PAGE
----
The End of the Innocence

I knew this day was coming.

I’ve known it since Bookworm was 5 years old and despite her having worked that wobbly tooth back and forth with concentration and determination never seen before (and rarely since, unless a book was involved)…she just could not break free her first tooth to warrant a visit from the elusive Tooth Fairy.  In fact, more than 7 months after she first started wiggling that tiny little tooth, I had to take her to our dentist to have it pulled.  It was basically dead from so much manhandling-so much so that it had turned a funky sort of oyster grey.  Our dentist was gentle and wonderful (and had Apple TV installed in the ceiling so that she watched Barbie and the Twelve Dancing Princesses while he did the extraction-so seriously-who’s to complain?) and sweet Bookworm virtually danced out of the dentist’s office with her First Lost Tooth wrapped like a treasure for the Tooth Fairy to collect in the night.

Bookworm's First Lost Tooth

There was no bringing her down from her high.  Her smile was infectious, her joy absolutely true…and that tiny little hole on the bottom of her gums was just adorable (the days of really ganky, jack-o-lantern smiles was still years in her future) and the next morning she treasured her Tooth Fairy Money as though it were the most valuable and special thing on the planet.  Until.

The little boy in her kindergarten class told her that the Tooth Fairy wasn’t real and it was just her mom putting money under her pillow.

Now, here’s the thing.  I totally respect and understand that we choose to live in a multi-cultural environment and we also elected to live outside of our own culture.  I get that the majority of her Hong Kong classmates don’t “get” our customs. I also respect them for not adopting them.  When you really think about it, somebody sneaking into your room to steal your teeth is a little bit creepy.

But, seriously.  I wanted to thump that little kid right in the head.

I didn’t.

Which is good for many reasons.  In reality, I tried very hard not to even react.  I just asked my sweet little Bookworm what she thought.  And here is what I have always loved about my Big Girl.  For all of her troubles, my girl has an imagination and a pure soul that is just full of wonder and belief.  Often times, Circus Dad and I have pondered if it is good for her to live so much of her life in her fantasy world-in her head and in her books and in the little universes she invents in her own stories.  But, my 5-year-old Bookworm looked me straight in the eye and told me how sorry she was for that little boy because it WAS his mom.  Because, obviously , he didn’t believe in the Tooth Fairy.  And everybody knows that if you don’t believe, fairies can’t stay alive.  Therefore, he must have killed his Tooth Fairy.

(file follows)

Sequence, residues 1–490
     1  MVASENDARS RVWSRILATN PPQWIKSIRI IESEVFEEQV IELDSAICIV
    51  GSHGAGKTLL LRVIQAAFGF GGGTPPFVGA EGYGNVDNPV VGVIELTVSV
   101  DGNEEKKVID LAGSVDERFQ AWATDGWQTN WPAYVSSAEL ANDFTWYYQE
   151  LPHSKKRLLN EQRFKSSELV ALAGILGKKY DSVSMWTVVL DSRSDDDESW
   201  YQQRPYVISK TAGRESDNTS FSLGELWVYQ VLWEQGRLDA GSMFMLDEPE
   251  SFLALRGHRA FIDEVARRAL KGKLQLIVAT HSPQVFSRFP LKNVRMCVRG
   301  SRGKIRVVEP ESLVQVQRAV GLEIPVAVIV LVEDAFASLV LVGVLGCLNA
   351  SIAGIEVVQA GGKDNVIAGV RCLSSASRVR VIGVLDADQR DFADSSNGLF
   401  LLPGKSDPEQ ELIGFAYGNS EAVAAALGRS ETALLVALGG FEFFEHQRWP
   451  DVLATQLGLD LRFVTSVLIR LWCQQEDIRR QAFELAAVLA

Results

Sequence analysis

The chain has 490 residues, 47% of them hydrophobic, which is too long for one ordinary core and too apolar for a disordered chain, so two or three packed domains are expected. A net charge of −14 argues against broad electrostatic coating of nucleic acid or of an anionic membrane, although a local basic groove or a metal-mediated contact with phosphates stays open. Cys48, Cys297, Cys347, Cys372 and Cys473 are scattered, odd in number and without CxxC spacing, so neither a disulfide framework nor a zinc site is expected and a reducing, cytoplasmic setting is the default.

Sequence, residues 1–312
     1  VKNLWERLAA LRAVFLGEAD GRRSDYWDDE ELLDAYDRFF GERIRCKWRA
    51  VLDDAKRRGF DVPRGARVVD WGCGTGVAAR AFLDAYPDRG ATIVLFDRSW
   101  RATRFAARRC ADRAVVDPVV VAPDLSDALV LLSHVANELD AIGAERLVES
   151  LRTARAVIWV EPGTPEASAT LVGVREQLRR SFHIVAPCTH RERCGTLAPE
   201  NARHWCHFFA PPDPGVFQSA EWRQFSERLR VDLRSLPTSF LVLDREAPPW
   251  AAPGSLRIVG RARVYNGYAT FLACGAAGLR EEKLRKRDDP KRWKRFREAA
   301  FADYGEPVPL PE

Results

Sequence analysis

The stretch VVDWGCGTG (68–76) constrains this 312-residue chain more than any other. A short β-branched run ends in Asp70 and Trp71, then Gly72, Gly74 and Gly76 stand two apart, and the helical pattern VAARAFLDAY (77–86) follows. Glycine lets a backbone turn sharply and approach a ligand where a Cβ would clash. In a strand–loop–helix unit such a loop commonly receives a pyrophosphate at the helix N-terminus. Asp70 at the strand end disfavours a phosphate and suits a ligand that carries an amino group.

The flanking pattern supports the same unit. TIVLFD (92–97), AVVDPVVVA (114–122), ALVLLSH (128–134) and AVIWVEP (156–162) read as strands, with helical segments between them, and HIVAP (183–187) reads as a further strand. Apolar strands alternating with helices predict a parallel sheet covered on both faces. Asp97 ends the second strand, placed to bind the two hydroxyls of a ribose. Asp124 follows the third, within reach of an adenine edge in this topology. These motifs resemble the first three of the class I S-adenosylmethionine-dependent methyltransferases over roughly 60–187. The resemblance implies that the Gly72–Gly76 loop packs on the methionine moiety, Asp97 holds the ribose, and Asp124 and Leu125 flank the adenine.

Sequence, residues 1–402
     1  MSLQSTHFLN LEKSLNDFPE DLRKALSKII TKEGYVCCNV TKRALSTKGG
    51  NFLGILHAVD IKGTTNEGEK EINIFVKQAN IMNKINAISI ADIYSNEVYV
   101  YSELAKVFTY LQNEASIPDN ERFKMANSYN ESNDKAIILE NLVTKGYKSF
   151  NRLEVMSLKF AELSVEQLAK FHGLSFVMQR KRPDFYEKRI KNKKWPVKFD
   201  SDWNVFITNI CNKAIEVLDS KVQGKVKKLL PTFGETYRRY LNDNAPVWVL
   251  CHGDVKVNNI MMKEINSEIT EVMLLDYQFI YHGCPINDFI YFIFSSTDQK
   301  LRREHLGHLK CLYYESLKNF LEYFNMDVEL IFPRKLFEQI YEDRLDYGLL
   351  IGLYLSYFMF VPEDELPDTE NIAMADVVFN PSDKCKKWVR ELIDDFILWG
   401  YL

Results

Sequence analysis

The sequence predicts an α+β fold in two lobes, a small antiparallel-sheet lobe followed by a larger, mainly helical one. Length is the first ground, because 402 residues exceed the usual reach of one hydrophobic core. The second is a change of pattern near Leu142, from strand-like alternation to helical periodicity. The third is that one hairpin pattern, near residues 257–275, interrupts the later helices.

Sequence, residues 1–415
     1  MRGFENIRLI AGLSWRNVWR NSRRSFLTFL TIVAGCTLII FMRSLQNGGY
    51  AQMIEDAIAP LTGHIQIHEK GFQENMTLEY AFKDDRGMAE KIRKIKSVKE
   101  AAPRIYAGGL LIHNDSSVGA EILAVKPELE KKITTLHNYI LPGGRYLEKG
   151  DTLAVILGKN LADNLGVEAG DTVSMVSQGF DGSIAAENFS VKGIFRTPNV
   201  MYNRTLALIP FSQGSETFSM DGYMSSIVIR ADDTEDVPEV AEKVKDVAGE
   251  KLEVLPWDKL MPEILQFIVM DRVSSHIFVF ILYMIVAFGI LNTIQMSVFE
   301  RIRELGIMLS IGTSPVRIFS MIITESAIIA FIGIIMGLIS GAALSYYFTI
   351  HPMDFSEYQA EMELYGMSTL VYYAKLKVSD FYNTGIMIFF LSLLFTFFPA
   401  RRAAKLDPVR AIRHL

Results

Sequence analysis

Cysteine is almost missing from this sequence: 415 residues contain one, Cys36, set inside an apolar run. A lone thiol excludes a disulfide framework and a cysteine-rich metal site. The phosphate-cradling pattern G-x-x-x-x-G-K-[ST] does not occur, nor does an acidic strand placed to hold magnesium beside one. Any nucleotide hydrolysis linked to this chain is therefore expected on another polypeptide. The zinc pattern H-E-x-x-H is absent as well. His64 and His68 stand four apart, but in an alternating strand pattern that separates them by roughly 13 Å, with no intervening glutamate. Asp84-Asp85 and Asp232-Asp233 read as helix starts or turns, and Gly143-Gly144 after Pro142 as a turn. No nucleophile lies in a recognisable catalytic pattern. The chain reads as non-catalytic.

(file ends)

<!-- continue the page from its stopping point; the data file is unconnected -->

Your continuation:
What?  You didn’t know every kid has her own individual fairy?  Duh.  Of course they do.  Because how else would it even Work??

Anyway.  I knew then that the moment my sweet Bookworm matured to the point that her logic trumped her belief in magic, it would all crumble.

Last year, she very seriously asked me if I thought it were possible that Hogwarts is real.  (I answered no.  There is a Hogwarts at Harry Potter World, I think…but there isn’t a real school.)  She argued that I simply couldn’t be sure and when she had her 10th Birthday Party (It was a Hogwarts School Entrance Exam Party), she was certain that she was going to receive a REAL acceptance letter at some point before her 11th birthday.  Which is quickly approaching.

Only, no letter.  And her best friend didn’t get a letter when she turned 11.  Which has gotten her thinking.

This Christmas, we had a few conversations about how strange it is that Santa is all over the world.  And then she would get very quiet and ask why there aren’t any specific photos of the REAL Santa online when you Google him.  Circus Dad and I vacillated between wanting to go overboard with ridiculous reasons why she should believe and wanting to sit down and help her to grasp the magic versus the myth.  In the end, we decided that she would ask specific questions when she was ready for the answer and neither of us wanted it ON US-the end of the innocence.

Three years ago, Bookworm asked Santa some really deep questions about Fairies and sent it in a letter to Santa (that she thought I didn’t see).  I enlisted literary assistance (this time from my Genius Skip-Sister-see previous posts on Expertise and my giant family) and Santa delivered a brilliant 7 page explanation of the Fairy world and how it all works.  Every so often, Bookworm still pulls that letter out to disprove a classmate or friend that might cop to being a non-believer.

I found some great letters and ideas on Pinterest for how to deal with her if she came to us.  But it didn’t happen.  And Santa pulled through again-even though we were in the USA and her present was in Thailand.  Santa even brought her sister the crutches she asked for.  Yes-that’s right.  The Bean got crutches for Christmas.  We’re not Normal.

Bookworm has her mother’s bad teeth.   We’ve been discussing the inevitability of braces for at least 3 years.  Just last week, she pulled out a tooth and I happily told her that we only had one more baby tooth to go before we could get the braces on!  She grumbled a bit and acted a bit funny and sulky as she went through her little routine of making a little fairy seating area on her nightstand and left her standard letter for the Tooth Fairy.  In the letter (which was a the size of a mini-post-it-note) she wrote (in miniature lettering that I could hardly decipher with my 40-year-old-eyes) asking her Fairy for a photo.  Because The Bean got a photo of the tooth fairy when she lost her tooth last semester.